I often hear people say that the First Amendment doesn't protect flagburning, because it's conduct rather than speech. My view is that burning a flag, like waving a flag, is a conventionally understood form of communication, and both should thus be treated as "speech" no less than, say, handwritten materials (which are literally neither "speech" nor "press"), elephant or donkey pins worn around campaign season, paintings that have no words, and the like.
Of course such conduct may often be restricted because it causes certain harms through its noncommunicative component -- an ordinance prohibiting fires in a brush zone could be used against flagburning. But this just reflects the analogy to literal "speech"; an ordinance prohibiting loud noises at night in a residential area could be used against the use of loudspeakers at 11 p.m. (even when the loudspeakers are used in the process of literal "speech"). When, however, either the loudspeaker use or the flag waving or the flag burning is banned because of its communicative effects, for instance because they convey offensive messages or supposedly diminish the emotional force of certain symbols, that is a speech restriction that should be evaluated under the First Amendment.
But for those who disagree, let me ask: SFSU is investigating (with the threat of administrative punishment) the College Republicans for, among other things, supposedly being "incivil" and creating a "hostile environment" by stepping on butcher-paper representations of Hamas and Hezbollah flags (which also contained the name of Allah in Arabic script). If you think that there's no First Amendment problem with banning flagburning, on the theory that it's not speech, I take it that you think there's no First Amendment problems with punishing (even criminalizing) the Republicans' actions, right?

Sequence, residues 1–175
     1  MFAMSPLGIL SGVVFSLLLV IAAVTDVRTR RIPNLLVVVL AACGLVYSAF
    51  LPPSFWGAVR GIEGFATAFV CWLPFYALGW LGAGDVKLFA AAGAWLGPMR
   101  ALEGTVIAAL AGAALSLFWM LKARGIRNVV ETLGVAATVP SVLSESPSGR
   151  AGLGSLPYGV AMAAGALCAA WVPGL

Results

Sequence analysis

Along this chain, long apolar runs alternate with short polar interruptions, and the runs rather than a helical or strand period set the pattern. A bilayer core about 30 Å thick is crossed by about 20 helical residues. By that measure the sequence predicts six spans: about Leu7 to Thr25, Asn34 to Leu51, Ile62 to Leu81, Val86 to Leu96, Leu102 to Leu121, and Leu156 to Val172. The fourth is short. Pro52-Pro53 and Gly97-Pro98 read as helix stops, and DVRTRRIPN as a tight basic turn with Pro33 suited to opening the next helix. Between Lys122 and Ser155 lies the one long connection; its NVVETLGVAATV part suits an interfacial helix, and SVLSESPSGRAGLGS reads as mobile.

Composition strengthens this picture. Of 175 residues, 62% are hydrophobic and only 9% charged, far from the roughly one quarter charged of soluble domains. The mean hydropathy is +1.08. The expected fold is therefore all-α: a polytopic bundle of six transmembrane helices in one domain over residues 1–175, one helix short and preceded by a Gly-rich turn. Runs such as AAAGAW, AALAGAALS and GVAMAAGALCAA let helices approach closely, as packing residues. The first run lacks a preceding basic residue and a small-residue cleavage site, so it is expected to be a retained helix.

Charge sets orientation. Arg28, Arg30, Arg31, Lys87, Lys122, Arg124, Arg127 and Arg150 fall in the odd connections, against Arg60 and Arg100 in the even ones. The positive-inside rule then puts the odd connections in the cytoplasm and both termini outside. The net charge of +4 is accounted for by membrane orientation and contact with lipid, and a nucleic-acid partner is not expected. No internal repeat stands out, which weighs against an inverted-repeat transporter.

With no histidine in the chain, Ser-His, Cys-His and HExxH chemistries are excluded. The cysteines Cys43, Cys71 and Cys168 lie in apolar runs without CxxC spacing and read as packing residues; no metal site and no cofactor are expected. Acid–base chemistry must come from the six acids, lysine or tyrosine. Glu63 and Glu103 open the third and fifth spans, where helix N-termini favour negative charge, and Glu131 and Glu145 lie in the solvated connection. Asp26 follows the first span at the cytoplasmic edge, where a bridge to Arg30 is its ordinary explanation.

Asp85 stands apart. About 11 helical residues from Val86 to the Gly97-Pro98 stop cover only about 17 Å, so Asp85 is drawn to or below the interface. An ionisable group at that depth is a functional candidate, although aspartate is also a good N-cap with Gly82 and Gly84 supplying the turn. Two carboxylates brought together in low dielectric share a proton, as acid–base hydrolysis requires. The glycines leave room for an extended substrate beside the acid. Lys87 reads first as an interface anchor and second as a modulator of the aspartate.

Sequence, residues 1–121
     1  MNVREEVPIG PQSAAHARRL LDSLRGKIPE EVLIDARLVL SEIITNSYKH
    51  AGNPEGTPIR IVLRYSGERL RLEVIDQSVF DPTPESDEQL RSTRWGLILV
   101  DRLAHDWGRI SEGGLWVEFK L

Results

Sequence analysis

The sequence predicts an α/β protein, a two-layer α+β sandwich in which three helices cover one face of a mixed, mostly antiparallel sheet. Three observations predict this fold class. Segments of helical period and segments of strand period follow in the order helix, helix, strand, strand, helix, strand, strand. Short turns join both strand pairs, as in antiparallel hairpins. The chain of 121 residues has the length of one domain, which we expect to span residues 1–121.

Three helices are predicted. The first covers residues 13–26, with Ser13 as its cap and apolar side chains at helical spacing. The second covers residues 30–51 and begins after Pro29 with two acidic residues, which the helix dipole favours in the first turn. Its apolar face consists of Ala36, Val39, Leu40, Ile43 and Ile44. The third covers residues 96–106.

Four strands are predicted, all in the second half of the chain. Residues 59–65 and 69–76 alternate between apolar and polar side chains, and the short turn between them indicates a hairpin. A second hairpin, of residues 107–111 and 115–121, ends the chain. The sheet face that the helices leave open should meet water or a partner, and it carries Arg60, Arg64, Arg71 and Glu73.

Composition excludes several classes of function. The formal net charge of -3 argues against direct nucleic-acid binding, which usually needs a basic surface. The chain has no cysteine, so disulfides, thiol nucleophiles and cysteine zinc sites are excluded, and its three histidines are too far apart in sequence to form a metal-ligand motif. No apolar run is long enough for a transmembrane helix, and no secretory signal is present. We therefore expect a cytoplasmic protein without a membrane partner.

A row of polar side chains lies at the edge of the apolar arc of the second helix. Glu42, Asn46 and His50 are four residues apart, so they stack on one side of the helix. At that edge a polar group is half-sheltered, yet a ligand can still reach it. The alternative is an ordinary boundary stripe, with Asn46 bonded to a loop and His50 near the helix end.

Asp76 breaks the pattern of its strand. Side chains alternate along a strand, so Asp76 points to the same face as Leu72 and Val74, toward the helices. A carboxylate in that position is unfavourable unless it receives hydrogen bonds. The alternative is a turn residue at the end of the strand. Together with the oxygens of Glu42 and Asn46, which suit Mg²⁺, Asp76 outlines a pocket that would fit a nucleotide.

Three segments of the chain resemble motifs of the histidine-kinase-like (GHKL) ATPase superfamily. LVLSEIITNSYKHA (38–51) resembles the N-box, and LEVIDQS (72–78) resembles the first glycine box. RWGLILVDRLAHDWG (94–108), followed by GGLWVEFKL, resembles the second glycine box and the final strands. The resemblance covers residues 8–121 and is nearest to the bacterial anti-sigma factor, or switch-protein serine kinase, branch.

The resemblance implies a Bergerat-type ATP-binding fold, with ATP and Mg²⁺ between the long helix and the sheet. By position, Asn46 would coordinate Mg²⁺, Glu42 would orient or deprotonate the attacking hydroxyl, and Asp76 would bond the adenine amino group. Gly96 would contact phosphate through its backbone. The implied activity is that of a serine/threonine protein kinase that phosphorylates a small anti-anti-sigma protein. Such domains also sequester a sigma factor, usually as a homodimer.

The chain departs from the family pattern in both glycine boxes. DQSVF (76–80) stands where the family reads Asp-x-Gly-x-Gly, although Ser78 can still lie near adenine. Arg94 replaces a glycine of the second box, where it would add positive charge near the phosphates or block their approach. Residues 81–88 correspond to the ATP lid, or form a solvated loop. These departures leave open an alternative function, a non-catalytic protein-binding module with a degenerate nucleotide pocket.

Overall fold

Likewise, if SFSU tried to punish a student for waving a Confederate flag (assume no special circumstances such as the flag's being stolen, or the waving been intended and understood as a personal insult and invitation to fight addressed to one particular person), I take it you'd say "Sure, no First Amendment problem," right? Or is there a distinction here I'm missing?
All Related Posts (on one page) | Some Related Posts:
- Governments -- Don't "Inflexibly Cling To Free Speech ... With Absolute Disregard for Religious Feelings":
- McLean's Article on the Campaign to Create an International Law Norm Banning "Defamation of Religion":
- Opinion Preliminarily Enjoining SFSU Civility Code...
- The New Anti-Blasphemy Laws:
- Expressive Conduct:
- State University Considering Discipline of Students for Walking on the Word "Allah":...
- The Effort to Ban "Defamation of Religion" and the Democracy Deficit of International Law:
- Baltimore Hebrew University Professor Supporting Legal Penalties for "Negative Depiction of Religion":
- A New International Law "Value" -- Freedom from "Defamation of Religions"?